“I actually see a prospect of the Karabakh normalization. It could be very sudden,” – Georgi M. Derluguian, Associate Professor, Social Research and Public Policy at New York University Abu Dhabi, says in an interview to the Caucasus Institute.  

The expert offers, firstly, to take a look at the international environment around the South Caucasus where he sees great unknowns, as he puts it. According to Derluguian, all three regional powers surrounding the South Caucasus – Iran, Turkey, and Russia – are experiencing, to put it mildly, great challenges, at the present. This adds a lot of unpredictability to the situation in Karabakh.

“Iran is fighting for its survival. The question which is usually posed regarding the Islamic Republic in the West puts it in a dichotomy: is it moving towards a more authoritarian or more democratic regime? I think this is a wrong dichotomy like the majority of dichotomies,” says Derluguian suggesting that the actual dilemma for the Islamic Republic is getting out of the war mold in which it has existed almost from the outset, or disintegration of the country. In this sense, he compares the country to the Soviet Union. “It was not so much the question whether the Soviet Union was going to become democratic or authoritarian. It was whether the Soviet Union was going to survive at all,” he explains adding that “The Islamic Republic exists today because from the outset it was shaped by the attack from Saddam Hussein’s Iraq, it survived a major war and it survived it very much like the Soviet Union in the Second World War.”

The expert draws a conclusion that the Islamic Republic is rather a guerilla state than a republic, emerging from the Iran-Iraqi War. In his words, most of the political and social structures, and the identity of the country were shaped primarily there. Therefore, the question is whether the current expansion of Iranian geopolitical ambitions in the Middle East, expansion into the vacuum created by the failure of the United States in Iraq and now in Syria, doesn’t seem to be sustainable in the long-run. “So, Iran is trying to leave out its dream of spreading the revolution, which brings a lot of counter-pressure from the Gulf monarchies, the United States and Israel. So, we, here in the South Caucasus, are somewhere on the periphery of this great conflict. But we must not forget that this is what is going to define the region in the coming years,” Derluguian emphasizes.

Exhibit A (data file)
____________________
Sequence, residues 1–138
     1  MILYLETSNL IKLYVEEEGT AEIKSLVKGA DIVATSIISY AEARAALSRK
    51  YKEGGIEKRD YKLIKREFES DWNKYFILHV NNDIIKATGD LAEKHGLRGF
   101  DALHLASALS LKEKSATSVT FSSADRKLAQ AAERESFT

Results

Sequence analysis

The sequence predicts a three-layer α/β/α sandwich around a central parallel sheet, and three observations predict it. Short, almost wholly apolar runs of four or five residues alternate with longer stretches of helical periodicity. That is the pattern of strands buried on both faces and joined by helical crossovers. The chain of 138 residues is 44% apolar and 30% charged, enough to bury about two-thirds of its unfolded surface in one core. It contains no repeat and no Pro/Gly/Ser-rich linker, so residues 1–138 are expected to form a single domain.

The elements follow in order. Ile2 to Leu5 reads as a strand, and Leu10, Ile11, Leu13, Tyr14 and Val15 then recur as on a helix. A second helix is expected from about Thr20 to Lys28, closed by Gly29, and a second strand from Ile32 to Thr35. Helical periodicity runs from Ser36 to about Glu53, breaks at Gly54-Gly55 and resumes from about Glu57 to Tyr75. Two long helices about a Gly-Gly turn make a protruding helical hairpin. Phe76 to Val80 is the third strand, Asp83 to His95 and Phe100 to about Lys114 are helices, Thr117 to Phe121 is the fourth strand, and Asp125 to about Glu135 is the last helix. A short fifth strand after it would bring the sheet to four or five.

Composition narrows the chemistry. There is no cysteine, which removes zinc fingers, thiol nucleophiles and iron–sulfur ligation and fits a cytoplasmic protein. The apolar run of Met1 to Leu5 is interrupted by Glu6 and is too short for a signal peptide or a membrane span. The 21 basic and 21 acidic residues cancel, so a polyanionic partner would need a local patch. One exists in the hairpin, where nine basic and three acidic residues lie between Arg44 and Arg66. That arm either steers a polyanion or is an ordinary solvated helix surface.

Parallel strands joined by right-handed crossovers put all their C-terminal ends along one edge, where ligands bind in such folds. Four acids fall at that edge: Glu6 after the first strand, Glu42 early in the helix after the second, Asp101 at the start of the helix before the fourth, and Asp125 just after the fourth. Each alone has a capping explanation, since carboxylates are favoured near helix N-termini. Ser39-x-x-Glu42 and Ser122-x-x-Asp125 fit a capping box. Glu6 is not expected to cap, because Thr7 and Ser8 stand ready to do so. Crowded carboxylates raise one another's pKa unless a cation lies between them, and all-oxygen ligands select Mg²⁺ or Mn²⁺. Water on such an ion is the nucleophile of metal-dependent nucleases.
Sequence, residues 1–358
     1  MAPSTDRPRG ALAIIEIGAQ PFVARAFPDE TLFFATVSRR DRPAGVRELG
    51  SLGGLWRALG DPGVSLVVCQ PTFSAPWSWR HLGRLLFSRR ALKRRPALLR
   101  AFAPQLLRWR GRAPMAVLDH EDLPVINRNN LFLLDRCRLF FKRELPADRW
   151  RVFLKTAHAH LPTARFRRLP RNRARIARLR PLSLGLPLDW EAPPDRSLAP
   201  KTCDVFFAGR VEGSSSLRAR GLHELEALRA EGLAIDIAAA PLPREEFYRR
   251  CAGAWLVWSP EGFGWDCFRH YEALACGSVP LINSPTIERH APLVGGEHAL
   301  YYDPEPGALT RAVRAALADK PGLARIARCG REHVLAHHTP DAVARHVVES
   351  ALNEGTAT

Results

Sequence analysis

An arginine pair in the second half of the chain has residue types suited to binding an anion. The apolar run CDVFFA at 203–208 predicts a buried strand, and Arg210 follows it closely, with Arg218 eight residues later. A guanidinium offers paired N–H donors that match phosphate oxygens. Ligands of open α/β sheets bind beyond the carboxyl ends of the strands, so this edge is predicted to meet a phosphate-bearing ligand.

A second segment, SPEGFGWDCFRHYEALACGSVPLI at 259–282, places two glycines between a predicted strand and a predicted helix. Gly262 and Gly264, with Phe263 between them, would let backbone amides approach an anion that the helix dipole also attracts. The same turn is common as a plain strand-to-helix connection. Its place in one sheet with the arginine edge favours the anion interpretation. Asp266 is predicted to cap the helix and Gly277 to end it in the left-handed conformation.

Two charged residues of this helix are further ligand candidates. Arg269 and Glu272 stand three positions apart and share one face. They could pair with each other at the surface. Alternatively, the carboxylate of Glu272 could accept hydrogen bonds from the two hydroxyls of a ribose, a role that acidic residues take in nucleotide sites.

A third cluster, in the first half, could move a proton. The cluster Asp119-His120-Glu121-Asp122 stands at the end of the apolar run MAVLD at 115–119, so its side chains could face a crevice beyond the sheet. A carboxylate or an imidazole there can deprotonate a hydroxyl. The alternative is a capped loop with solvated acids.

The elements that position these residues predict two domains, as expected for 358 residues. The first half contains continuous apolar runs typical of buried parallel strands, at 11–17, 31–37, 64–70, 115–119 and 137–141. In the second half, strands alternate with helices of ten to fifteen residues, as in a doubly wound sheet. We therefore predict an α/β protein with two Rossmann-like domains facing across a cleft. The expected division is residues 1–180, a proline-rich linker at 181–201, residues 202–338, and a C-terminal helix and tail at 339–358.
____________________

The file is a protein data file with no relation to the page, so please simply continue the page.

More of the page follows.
On the other hand, there is, of course, Russia, which is also in conflict with almost the entire core of the capitalist world system. “It is capitalist Russia now, it is not the socialist Soviet Union. But it is oligarchic and militaristic Russia, which is trying now to upgrade its position in the world system, to bring back at least some of its lost positions after the dissolution of the Soviet Union, by pursuing what I would call a daring foreign policy. So far this policy paid off in Syria, but very much like with Iranian ambitions, it can’t be sustainable in the long run,” thinks Derluguian mentioning the conflict in Ukraine as a factor creating a huge psychological and financial pressure on Russia, accompanied by the respective economic repercussions.